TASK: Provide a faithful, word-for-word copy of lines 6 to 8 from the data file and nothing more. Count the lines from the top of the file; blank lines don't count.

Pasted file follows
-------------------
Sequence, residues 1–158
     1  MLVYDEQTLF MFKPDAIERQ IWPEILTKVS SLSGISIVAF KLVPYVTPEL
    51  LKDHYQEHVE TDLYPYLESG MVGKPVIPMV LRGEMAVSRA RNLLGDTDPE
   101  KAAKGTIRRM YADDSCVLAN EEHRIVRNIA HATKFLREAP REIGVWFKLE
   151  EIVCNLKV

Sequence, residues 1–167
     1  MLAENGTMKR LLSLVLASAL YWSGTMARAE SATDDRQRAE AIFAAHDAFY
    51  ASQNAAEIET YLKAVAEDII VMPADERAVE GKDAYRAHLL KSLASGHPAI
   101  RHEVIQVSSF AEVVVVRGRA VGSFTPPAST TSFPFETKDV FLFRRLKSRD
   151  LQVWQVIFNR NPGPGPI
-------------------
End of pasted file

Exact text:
Sequence, residues 1–167
     1  MLAENGTMKR LLSLVLASAL YWSGTMARAE SATDDRQRAE AIFAAHDAFY
    51  ASQNAAEIET YLKAVAEDII VMPADERAVE GKDAYRAHLL KSLASGHPAI